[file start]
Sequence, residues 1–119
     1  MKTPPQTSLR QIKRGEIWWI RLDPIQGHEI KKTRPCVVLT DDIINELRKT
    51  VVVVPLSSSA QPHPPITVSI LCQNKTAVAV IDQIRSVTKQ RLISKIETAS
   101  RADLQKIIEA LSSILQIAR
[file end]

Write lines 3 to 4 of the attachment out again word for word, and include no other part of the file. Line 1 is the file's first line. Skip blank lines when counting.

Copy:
    51  VVVVPLSSSA QPHPPITVSI LCQNKTAVAV IDQIRSVTKQ RLISKIETAS
   101  RADLQKIIEA LSSILQIAR